The Supreme Court on Wednesday said that the element of judicial accountability is lost where oral regimes prevail and this would set a dangerous precedent and is unacceptable. The Court further said that High Courts while passing orders should ensure that it is done by way of written orders and judgments and not by way of oral directions.
The Court was hearing an appeal against a verdict passed by the Gujarat High Court which issued an oral direction to restrain the arrest of a person accused of cheating and forgery.
The Bench of Justice DY Chandrachud and Justice MR Shah said, “Oral observations in court are in the course of a judicial discourse. The text of a written order is what is binding and enforceable. Issuing oral directions (presumably to the APP) restraining arrest, does not form a part of the judicial record and must be eschewed. Absent a judicial order, the investigating officer would have no official record emanating from the High Court on the basis of which a stay of arrest is enforced. The administration of criminal justice is not a private matter between the complainant and the accused but implicates wider interests of the State in preserving law and order as well as a societal interest in the sanctity of the criminal justice administration.”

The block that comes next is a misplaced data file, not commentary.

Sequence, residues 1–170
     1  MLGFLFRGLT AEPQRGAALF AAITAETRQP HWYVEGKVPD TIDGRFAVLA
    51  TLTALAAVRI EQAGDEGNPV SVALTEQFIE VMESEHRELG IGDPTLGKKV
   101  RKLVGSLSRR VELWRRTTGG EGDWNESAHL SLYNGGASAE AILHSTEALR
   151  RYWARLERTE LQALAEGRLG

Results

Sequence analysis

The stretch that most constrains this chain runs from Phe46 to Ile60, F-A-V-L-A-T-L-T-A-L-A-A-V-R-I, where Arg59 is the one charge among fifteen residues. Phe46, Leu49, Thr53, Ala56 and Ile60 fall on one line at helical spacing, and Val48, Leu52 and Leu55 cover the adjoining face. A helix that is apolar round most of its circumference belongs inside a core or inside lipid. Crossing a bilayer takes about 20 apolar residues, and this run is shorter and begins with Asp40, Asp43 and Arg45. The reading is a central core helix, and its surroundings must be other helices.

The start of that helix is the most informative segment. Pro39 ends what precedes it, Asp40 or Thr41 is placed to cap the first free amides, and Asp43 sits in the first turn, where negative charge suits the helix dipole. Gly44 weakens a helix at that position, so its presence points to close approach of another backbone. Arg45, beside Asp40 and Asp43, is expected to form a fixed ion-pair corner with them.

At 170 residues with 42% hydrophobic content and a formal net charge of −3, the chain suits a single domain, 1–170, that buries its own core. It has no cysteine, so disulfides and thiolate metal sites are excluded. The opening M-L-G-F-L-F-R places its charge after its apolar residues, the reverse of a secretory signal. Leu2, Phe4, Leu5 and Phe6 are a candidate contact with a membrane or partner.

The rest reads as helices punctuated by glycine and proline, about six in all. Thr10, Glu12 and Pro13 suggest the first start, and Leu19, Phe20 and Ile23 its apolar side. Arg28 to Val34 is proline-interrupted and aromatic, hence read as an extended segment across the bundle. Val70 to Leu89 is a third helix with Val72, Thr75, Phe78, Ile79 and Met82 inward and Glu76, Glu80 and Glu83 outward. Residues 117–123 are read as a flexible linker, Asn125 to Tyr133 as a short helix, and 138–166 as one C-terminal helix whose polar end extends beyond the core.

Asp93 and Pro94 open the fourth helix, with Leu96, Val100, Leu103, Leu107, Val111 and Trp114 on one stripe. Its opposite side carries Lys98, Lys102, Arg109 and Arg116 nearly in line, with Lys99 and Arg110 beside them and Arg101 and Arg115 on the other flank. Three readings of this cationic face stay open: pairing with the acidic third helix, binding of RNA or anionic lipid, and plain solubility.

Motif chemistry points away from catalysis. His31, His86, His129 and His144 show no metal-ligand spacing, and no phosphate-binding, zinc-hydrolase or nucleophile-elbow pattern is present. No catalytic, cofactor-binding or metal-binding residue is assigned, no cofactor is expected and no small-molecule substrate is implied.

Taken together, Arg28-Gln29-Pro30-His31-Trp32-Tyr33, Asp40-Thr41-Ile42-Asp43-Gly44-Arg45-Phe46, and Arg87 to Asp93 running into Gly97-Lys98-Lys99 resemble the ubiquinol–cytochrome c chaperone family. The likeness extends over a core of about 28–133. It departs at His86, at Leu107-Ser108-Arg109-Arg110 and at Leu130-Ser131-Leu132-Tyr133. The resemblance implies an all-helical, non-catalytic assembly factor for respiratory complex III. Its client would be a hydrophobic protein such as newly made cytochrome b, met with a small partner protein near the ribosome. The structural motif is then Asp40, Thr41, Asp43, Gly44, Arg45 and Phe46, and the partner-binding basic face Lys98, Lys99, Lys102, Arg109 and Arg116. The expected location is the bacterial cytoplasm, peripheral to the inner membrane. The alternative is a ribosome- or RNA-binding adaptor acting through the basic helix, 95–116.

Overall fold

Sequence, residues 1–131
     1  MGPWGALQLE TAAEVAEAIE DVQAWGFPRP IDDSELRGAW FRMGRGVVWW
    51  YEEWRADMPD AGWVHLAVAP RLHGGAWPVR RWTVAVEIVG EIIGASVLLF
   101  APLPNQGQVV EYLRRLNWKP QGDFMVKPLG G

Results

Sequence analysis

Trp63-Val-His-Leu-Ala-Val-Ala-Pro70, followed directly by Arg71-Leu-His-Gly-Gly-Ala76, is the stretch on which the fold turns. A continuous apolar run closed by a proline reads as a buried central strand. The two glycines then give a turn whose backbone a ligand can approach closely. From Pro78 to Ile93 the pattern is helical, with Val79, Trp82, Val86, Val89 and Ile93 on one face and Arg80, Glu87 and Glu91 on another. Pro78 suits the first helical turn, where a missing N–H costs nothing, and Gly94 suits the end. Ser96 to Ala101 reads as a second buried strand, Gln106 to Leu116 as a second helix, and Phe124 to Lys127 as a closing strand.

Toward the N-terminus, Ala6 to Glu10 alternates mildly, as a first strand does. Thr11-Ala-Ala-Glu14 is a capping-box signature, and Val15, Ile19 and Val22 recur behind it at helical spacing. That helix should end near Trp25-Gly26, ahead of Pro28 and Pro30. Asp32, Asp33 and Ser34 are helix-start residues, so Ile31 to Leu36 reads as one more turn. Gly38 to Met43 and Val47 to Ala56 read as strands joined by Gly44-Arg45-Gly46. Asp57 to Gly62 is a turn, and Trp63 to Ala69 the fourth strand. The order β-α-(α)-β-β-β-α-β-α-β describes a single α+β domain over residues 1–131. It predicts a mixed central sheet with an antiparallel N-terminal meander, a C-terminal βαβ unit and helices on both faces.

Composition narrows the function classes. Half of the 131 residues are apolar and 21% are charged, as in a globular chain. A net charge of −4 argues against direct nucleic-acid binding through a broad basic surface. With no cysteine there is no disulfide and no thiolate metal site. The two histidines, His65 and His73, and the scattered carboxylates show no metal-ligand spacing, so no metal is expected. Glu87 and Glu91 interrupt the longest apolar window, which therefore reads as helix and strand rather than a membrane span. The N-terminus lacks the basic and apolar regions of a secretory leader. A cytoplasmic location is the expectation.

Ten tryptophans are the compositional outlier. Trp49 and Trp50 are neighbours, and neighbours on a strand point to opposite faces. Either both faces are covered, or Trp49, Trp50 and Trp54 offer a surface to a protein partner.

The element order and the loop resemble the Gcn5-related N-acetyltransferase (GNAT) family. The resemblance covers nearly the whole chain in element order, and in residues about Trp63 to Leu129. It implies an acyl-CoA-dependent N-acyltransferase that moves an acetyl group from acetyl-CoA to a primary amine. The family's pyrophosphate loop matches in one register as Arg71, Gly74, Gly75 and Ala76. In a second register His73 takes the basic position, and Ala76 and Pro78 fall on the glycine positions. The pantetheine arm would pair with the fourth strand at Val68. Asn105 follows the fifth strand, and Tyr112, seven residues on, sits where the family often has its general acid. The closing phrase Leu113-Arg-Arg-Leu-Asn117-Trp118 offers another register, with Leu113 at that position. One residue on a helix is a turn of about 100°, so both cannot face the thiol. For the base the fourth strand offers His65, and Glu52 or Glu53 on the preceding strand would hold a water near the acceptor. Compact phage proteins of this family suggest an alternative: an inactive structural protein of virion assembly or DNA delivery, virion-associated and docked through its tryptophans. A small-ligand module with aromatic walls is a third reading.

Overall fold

The Court further stated that the procedure which was followed by the Single Judge must therefore be eschewed in the future. Judges speak through their judgments and orders. The written text is capable of being assailed. The element of judicial accountability is lost where oral regimes prevail. This would set a dangerous precedent and is unacceptable. Judges, as much as public officials over whose conduct they preside, are accountable for their actions.
The Apex Court also opined most High Courts deal with high volumes of cases. Judicial assessments change with the roster. Absent a written record of what has transpired in the course of a judicial proceeding, it would set a dangerous precedent if the parties and the investigating officer were expected to rely on unrecorded oral observations.